Online Antisemitism: Meeting the challenge: The Big Smoke

Online Hate Prevention Institute, “Online Antisemitism: Meeting the Challenge“, May 11, 2015, The Big Smoke, 

The Sydney-based online magazine The Big Smoke publishes an article on OHPI’s soon to be released report “Online Antisemitism: Meeting the Challenge”

The OHPI are set to release their report, “Online Antisemitism: Meeting the Challenge,” and the stats show that FightAgainstHate is making a difference in combating online hate.

The attacks on a Jewish supermarket in Paris in January this year and a synagogue in Copenhagen in February have shocked the world. The far right is gaining in popularity in Europe, while the antisemitism flowing out of parts of the Muslim and Arab world is inspiring self-radicalisation and violent extremism. Antisemitism is rising globally and its spread is being facilitated by the Internet, particularly the social media.

The Melbourne-based Online Hate Prevention Institute (OHPI) has been studying the rise of online antisemitism – amongst other kinds of online hate – since its inception in 2012. Early this year, we embarked on a campaign to gather a large pool of online antisemitic items for the purpose of deconstructing how online antisemitism operates across three of the world’s largest social media: Facebook, Twitter and YouTube. Our analysis of over 2000 items of antisemitism collected will be released as a report “Online Antisemitism: Meeting the Challenge” at the 5th Global Forum for Combating Antisemitism on May 12-13, 2015 in Jerusalem.

We collected our data through crowd-sourcing by encouraging people to report items of online antisemitism into OHPI’s online hate reporting The items were categorised into four types:

  1. Content promoting violence against Jews
  2. Holocaust denial
  3. Traditional antisemitism (for example, conspiracy theories such as blood libel or Jews owning the American media)
  4. New antisemitism (Israel-related antisemitism)

Our report gives a break-down of how the items reported spread across the three social media platforms. It also looks at a breakdown of how the specific categories of antisemitism operated on different social media.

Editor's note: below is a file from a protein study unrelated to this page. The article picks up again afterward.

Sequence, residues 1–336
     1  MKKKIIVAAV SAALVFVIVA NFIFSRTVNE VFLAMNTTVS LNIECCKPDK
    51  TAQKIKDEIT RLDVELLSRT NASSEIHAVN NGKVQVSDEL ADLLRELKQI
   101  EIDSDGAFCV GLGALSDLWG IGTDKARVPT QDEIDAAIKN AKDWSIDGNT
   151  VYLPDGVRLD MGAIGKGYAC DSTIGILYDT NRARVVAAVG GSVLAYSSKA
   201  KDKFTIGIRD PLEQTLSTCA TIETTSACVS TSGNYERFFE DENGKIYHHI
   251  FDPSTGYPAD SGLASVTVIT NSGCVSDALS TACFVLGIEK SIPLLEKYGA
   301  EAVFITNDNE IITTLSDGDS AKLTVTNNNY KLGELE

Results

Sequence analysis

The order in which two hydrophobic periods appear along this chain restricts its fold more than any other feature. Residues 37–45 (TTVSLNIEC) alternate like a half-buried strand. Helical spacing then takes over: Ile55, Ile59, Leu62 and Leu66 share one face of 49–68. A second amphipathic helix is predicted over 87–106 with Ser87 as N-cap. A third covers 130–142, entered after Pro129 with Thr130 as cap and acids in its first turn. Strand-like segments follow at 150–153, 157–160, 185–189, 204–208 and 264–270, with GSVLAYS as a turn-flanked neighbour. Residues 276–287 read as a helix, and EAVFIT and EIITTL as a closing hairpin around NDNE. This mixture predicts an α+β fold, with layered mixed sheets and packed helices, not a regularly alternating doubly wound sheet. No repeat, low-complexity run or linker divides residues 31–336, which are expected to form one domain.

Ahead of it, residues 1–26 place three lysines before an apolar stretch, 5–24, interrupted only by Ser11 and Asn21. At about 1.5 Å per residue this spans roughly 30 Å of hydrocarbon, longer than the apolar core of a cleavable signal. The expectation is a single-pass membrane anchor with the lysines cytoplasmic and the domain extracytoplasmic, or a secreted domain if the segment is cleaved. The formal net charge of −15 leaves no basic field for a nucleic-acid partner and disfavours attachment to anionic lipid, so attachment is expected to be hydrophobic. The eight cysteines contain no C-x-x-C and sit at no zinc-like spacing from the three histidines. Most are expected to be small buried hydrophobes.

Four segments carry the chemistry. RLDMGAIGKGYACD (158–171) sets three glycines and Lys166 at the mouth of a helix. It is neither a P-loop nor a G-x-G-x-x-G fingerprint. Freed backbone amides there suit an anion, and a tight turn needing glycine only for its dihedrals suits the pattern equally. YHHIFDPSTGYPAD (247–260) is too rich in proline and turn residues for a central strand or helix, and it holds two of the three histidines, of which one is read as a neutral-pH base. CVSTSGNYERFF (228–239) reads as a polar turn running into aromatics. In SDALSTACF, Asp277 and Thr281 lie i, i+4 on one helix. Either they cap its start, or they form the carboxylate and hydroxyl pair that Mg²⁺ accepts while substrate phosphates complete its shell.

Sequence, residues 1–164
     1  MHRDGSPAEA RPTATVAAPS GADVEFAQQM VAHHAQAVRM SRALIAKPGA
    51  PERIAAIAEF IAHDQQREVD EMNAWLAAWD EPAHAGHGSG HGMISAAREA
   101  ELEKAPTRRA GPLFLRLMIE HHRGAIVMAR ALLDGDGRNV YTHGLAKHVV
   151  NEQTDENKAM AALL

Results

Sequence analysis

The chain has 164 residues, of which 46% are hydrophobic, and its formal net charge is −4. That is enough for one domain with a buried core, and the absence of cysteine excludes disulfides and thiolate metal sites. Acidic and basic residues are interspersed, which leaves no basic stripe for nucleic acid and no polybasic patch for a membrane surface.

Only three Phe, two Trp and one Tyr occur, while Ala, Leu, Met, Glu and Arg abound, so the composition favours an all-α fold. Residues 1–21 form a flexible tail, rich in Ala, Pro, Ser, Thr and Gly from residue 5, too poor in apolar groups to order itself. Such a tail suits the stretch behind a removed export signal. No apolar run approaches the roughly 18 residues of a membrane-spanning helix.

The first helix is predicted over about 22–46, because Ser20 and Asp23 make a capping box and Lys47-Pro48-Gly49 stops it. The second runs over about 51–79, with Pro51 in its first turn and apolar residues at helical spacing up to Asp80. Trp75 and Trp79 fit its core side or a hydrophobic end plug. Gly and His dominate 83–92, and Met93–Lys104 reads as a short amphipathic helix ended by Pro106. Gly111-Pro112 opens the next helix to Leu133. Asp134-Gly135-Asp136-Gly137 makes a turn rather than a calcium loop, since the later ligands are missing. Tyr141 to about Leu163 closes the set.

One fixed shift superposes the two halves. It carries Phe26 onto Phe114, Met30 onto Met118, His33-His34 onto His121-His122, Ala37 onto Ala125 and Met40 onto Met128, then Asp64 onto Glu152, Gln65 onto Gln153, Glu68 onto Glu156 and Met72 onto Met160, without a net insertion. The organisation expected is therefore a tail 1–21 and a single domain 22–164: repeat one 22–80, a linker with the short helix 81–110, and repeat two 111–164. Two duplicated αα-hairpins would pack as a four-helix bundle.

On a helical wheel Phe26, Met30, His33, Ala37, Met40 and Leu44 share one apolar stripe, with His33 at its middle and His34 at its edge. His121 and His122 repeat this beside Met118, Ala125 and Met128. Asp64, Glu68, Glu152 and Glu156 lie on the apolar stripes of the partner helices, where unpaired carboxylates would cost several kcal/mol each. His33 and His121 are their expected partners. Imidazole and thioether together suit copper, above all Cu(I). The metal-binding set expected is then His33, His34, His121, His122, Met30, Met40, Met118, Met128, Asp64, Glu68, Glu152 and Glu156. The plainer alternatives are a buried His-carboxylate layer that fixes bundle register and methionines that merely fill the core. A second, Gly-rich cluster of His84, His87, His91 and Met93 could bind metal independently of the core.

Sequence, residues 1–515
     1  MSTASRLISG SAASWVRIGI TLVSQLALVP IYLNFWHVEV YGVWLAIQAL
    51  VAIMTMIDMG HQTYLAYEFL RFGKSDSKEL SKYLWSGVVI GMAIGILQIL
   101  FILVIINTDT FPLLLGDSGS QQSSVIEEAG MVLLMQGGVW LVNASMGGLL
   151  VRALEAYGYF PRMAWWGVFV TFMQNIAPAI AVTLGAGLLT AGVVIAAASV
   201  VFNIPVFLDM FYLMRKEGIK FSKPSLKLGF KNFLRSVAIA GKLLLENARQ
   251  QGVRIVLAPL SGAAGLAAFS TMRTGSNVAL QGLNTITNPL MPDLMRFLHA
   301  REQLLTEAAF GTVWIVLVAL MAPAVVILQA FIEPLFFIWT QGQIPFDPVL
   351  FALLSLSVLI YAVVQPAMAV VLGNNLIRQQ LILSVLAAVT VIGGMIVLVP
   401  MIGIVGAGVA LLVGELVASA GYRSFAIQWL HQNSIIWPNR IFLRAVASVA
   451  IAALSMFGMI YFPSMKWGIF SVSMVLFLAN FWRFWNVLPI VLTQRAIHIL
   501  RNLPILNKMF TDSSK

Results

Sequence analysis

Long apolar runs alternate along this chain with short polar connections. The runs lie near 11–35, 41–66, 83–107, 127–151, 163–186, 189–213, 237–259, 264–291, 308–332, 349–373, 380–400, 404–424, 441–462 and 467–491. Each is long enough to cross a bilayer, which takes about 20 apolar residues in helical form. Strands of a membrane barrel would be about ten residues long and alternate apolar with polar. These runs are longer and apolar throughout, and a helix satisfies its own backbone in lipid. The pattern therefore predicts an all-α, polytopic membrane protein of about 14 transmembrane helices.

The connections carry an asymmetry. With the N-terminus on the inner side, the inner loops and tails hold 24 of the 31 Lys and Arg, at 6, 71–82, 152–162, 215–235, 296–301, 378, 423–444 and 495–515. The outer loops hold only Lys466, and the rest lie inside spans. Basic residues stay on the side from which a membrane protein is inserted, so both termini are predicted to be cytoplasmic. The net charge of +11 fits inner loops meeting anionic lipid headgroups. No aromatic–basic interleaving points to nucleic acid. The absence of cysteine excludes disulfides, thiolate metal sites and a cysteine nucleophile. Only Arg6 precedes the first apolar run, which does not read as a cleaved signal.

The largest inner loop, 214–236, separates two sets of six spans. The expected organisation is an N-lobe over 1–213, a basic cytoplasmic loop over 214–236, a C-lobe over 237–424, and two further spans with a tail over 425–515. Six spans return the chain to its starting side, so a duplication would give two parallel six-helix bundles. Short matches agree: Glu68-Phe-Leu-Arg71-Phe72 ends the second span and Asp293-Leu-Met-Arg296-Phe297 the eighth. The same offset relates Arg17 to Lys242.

A selection of statistical findings from the report are:

  1. Based on a sample of 2024 unique items of antisemitism from Facebook, YouTube and Twitter, 41% of the antisemitic examples came from YouTube, 36% from Twitter and 23% from Facebook. (See graph 1)
  2. Traditional Antisemitism, that is, antisemitism spreading canards and conspiracy theories about Jews in general was the most prevalent form of antisemitism. (See graph 2)
  3. Our data analysis suggests that the category of “promoting violence against Jews” is most prevalent on Twitter. One of the vilest hashtags to go viral on Twitter during the height of the Israel-Palestine conflict last year was #HitlerWasRight. It was one of the most vocal, public and direct attacks on Jews on Twitter
  4. Data collected by OHPI suggests that the category of “Holocaust Denial” is most prevalent on YouTube.





We also monitored how social media platforms responded to reports of online antisemitism, since the platforms were also removing content as it was being reported to Surprisingly, we found Twitter making a sudden effort to remove antisemitic content from the platform. It may have been a part of its recent shift towards tackling abuse on the platform. Our findings suggest that it is working.

The report is not only a sample of what kind of antisemitic content is circulating online, but a preview of the kind of data that can be made available in the future through more sustained engagement with We hope that more members of the public, researchers and government agencies use the tool and supporting material to collect and analyse their own data sets on online hate using our system. Such reports can inform their efforts towards removal of online hate content and also for building of online counter speech against such hate.

Towards this end, the report also includes details of campaign resources communities can use to combat online antisemitism. These include a booklet on how to report antisemitism to Facebook, Twitter, YouTube and, information on how to recognise online antisemitism, campaigning material to promote crowd-sourcing of hate, and material on how to use the system.

Our report will be made available for free upon its release. Below are a few examples of antisemitic content we discuss in our report.